The Nuclear Lamina

An Intermediate Filament Protein Structure of the Cell Nucleus
  • George N. Dessev


During interphase, eukaryotic cells are physically separated into a nuclear and a cytoplasmic compartment by a complex organelle, the nuclear envelope. The innermost layer of the nuclear envelope is a polymeric protein network (Fawcett, 1966; Fawcett, 1981) termed the nuclear lamina (NL) (Fig. 1), which is tightly associated with the nuclear pore complexes. Apposed to the cytoplasmic surface of the NL is the membrane component of the nuclear envelope, which consists of two lipid bilayers, containing intrinsic membrane proteins. It is likely that the NL is a ubiquitous feature found in all eukaryotic cells, although it is not always equally prominent by electron microscopy.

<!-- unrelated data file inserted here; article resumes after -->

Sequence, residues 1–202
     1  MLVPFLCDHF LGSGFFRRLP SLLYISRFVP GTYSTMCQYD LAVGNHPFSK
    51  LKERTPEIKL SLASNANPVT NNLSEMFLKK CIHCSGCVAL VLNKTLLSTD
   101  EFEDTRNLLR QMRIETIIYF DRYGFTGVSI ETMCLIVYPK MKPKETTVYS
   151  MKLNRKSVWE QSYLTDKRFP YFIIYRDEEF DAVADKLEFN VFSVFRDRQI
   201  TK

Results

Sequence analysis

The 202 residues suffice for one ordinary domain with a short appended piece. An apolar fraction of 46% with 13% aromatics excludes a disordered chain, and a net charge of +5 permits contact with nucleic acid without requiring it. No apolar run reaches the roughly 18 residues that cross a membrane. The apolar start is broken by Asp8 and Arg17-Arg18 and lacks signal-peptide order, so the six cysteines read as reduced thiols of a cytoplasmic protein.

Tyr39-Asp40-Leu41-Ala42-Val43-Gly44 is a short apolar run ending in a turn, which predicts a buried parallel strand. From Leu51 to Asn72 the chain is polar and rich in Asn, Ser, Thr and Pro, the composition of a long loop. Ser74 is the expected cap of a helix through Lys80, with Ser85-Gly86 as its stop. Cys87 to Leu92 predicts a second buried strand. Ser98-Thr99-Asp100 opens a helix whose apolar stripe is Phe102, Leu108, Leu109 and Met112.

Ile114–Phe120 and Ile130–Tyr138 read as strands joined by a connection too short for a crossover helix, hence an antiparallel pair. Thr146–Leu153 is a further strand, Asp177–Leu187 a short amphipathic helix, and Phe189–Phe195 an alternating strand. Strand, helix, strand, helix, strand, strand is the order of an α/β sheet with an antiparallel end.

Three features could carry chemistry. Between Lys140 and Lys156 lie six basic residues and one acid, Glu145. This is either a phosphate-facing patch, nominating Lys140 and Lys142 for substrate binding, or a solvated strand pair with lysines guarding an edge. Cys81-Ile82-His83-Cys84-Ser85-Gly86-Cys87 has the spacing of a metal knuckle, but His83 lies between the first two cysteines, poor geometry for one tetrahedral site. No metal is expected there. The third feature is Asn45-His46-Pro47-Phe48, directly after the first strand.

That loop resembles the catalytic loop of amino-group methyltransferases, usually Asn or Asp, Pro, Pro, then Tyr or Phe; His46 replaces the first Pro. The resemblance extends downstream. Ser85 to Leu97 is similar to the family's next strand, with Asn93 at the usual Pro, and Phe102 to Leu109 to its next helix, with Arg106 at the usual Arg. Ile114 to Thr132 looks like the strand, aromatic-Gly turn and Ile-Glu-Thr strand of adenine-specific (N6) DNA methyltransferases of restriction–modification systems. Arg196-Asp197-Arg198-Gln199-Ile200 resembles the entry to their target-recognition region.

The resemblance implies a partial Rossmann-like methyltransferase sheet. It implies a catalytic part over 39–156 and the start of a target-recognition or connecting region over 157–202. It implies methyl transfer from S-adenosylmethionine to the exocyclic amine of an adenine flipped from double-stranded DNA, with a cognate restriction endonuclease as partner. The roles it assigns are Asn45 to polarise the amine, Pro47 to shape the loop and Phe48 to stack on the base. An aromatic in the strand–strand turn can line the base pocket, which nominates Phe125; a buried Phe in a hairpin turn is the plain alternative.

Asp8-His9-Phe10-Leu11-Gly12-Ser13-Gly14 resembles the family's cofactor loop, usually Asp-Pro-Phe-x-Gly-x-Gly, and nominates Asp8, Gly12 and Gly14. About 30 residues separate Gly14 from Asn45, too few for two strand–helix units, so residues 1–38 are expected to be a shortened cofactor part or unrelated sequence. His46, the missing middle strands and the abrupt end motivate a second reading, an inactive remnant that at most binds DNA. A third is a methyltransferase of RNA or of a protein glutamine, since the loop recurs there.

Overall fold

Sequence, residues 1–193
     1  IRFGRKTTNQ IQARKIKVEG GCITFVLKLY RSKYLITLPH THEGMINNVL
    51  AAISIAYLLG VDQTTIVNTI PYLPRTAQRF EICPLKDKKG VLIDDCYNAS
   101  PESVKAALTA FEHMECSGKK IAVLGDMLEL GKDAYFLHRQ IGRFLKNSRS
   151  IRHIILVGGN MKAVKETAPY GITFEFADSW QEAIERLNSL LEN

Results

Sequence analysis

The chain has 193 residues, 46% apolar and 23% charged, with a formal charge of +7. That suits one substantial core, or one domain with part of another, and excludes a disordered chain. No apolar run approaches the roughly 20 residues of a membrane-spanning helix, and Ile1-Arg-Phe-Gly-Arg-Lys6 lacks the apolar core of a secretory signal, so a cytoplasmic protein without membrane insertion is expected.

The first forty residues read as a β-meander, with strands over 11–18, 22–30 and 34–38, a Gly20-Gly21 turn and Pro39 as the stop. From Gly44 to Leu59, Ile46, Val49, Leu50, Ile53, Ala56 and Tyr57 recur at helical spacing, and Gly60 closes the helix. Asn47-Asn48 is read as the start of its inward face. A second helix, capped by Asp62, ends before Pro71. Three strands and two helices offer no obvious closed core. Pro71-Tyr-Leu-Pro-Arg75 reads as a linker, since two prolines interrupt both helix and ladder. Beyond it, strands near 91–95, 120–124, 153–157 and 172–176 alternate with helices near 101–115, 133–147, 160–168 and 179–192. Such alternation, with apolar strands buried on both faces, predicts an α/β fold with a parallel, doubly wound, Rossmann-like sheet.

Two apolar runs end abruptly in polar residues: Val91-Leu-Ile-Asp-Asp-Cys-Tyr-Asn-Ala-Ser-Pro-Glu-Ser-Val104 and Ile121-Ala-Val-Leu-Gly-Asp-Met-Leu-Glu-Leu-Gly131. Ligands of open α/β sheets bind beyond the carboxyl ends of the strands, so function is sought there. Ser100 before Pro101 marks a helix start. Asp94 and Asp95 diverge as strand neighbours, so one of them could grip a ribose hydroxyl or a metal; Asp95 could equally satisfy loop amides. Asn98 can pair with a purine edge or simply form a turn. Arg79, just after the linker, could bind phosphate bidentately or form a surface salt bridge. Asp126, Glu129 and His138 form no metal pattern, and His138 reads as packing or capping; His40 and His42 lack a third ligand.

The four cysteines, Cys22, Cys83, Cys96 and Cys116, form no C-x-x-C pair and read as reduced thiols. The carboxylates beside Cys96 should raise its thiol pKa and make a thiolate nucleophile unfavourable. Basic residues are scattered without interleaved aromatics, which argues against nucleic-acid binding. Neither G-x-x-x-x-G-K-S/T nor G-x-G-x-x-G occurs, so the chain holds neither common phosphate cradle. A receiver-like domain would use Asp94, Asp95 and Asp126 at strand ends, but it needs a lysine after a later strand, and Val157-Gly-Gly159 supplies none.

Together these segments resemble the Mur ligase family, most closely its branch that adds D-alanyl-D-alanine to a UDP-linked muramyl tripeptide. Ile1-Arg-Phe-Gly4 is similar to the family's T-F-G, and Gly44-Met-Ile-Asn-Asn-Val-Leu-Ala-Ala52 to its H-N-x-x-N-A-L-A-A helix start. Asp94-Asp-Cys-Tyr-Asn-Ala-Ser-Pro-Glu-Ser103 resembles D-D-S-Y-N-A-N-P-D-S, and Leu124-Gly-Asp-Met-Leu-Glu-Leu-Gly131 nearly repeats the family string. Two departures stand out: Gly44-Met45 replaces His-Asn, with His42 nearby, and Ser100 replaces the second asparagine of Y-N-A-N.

Nuclear Envelope Intermediate Filament Nuclear Membrane Xenopus Laevis Nuclear Pore Complex 
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Copyright information

© Springer Science+Business Media New York 1990

Authors and Affiliations

  • George N. Dessev
    • 1
  1. 1.Department of Cell, Molecular, and Structural BiologyNorthwestern University Medical SchoolChicagoUSA

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